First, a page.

It could be either actually. When there is a mixed group or, we do not know the gender, it reverts to the masculine in Portuguese. Eles (they), Netos (grandsons or, grandchildren), Primos (cousins), Irmãos (brothers or, siblings), Filhos (sons or, children), Pais (dads or, parents), Amigos (friends), Sobrinhos (nephews or, nieces & nephews), Tios (uncles, or aunts & uncles), Padrastros (stepdads or, stepparents), Gatos (tomcats or, just cats), etc.
One exception is "grandparents" which uses the feminine version but with a masculine declension. O Avô, A Avó, Os Avós.
So, "os meninos" can be, the boys or, the boys and girls (aka, children, kids).
+write, which can be translated according to Google by:
escrever, redigir, descrever, comunicar por escrito, ser escritor
with a pen escrever, redigir, encurralar, fechar
to indite compor, escrever, redigir
to write down escrever, registrar, depreciar escrevendo, reduzir o capital
to set down escrever, registrar, depositar, reduzir o capital
to spell soletrar, significar, escrever, formar, grafar, enfeitiçar
to put colocar, pôr, apresentar, aplicar, botar, escrever
to create criar, gerar, fazer, produzir, formar, escrever
to produce produzir, apresentar, fabricar, exibir, escrever, mostrar
with words escrever, formular, redigir, frasear, escolher as palavras, exprimir por palavras
for a character caracterizar, escrever, gravar
I've been meaning to answer this for several weeks (but so busy), however, I will repeat an answer I just gave someone else that is really relevant to your question:
This is the way of languages. We are born with all the neuron buds we need to learn any human language, but after the age of about 8, these auxiliary neuron buds start to die off in favor of strengthening the ones we actually use. That's one reason why adults simply cannot hear the tonal differences in the Chinese languages (and why we have accents while speaking in other languages we learn later in life).
So it is that the "m" and the "n" at least at the end of words in Portuguese is different than that of the English versions. It signals a nasal sound and in Brazilian PT especially it makes the classical English "m" sound nearly non-existent to native English speakers, but the Brazilians can keenly hear it because they learned it is that way from an early age (that is just how "m" sounds to them).
M and N
These consonants sound pretty much the same as in English, except when at the end of the word. In fact, the consonant “m” will sound very nasal and like if you actually do not finish it. What I mean is that when reading this letter at the end of a word, try to stop the movement of your lips in the middle, not allowing them to touch each other like they normally would and pushing the sound through your nose instead.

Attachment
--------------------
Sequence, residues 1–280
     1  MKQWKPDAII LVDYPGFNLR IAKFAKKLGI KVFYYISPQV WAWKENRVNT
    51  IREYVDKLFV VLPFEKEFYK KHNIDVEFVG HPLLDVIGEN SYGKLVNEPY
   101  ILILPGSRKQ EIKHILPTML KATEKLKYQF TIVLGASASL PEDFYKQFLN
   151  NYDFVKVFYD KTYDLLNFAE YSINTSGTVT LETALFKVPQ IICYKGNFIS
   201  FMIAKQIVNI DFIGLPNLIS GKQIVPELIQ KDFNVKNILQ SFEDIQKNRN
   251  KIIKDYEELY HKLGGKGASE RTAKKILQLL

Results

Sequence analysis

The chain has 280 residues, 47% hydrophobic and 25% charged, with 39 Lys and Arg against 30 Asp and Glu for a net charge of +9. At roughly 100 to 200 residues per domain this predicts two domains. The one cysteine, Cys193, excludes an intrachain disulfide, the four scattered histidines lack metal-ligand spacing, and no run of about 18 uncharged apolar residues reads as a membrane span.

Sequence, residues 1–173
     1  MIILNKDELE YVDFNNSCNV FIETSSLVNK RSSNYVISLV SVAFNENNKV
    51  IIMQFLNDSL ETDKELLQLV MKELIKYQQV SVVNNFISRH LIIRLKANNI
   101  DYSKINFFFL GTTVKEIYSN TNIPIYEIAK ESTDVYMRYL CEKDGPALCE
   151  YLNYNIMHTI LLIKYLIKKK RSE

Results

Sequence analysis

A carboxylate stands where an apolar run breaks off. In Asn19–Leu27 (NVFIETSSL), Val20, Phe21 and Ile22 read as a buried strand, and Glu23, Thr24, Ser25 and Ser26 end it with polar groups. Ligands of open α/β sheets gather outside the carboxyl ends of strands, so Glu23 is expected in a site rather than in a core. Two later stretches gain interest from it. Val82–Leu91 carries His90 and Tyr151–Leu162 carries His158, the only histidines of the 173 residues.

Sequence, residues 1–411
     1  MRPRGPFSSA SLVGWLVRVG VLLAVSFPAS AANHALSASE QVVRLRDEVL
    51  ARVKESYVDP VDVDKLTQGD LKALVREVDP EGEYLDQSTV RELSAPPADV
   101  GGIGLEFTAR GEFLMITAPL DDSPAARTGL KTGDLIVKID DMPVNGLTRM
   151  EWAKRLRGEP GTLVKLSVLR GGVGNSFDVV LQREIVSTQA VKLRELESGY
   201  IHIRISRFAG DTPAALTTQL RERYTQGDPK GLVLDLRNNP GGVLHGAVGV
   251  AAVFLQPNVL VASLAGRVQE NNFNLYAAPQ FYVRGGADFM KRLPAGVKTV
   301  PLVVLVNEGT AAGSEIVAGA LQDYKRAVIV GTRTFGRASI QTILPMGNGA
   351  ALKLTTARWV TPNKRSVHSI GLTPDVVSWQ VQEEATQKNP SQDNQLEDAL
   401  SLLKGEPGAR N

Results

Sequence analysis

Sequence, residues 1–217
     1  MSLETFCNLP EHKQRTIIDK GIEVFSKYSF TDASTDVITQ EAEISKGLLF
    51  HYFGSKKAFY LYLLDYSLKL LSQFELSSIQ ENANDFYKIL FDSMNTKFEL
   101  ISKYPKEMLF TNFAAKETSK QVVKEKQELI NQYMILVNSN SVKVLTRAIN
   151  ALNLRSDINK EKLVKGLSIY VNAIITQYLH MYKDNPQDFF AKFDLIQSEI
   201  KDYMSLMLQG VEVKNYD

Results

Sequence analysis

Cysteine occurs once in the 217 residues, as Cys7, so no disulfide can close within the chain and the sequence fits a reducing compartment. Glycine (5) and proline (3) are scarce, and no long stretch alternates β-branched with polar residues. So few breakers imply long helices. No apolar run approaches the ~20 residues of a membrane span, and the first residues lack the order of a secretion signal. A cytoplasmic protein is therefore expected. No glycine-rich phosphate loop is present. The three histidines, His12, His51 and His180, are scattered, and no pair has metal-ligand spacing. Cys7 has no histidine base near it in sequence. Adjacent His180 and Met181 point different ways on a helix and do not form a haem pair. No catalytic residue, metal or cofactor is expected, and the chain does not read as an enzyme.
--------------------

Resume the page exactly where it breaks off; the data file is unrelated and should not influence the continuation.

The “n” never appears at the end of a word, but when a word ending in “m” becomes plural, it will change into “ns”, and the sound of the “n” will be nasal as well and very similar to “m” at the end of a word.
Examples: [you can go to the site to hear these but forewarned these are EU PT pronunciations so the "m" is easier to hear than if in Brazilian accent]:
- Homem – /Ó-mem/
- Margem (margin) – /MAR-gem/
- Homens (men) – /Ó-mens/
- Margens (margins) – /MAR-gens/
Some people say the sound of an “m” final, seems to have an “g” or “y” in the mix, sounding like a “ny” or a “ng”. Like this:
- Margem (margin) —> /MAR-geng/
- Homens (men) —> /Ó-mengs/
Well, here's another take:
When a syllable ends with m or n, the consonant is not fully pronounced but merely indicates the nasalization of the vowel which precedes it. At the end of words, it generally produces a nasal diphthong.
And of course, Forvo is always a great resource for training the ear (as examples):
Every language has a past time.
If one was invented with no past, it would use adjectives instead.
But português being a Latin language, it's like Spanish, French, Italian (or Romanian/Esperanto) for the boys wrote is: os meninos escreveram/escribieron/écrivirent/scrissero (scris/skribis).
You can learn or google Esperanto all you want, but it still doesn't make it a Romance language. As an artificially created language it does not belong to any language family. In order for similar languages to be grouped in one language family they must have all evolved from a common ancestral mother-language called a Proto-language. Which in the case of French, Spanish, Portuguese, Italian, Romanian and the other lesser-known Romance languages would be Vulgar Latin.
Even as an "artificially" created language the morphology and basis came from somewhere and it turns out that the Romance languages were a major inspiration for Esperanto:
The phonology, grammar, vocabulary, and semantics are based on the Indo-European languages spoken in Europe. The sound inventory is essentially Slavic, as is much of the semantics, whereas the vocabulary derives primarily from the Romance languages, with a lesser contribution from Germanic languages and minor contributions from Slavic languages and Greek.
Esperanto has been described as "a language lexically predominantly Romanic, morphologically intensively agglutinative, and to a certain degree isolating in character".
Portuguese also did not just come from Latin, but via Galega (Galician, which also had inspiration from Germanic tribes, and the Celts, and of course, the Moors, but that's not all).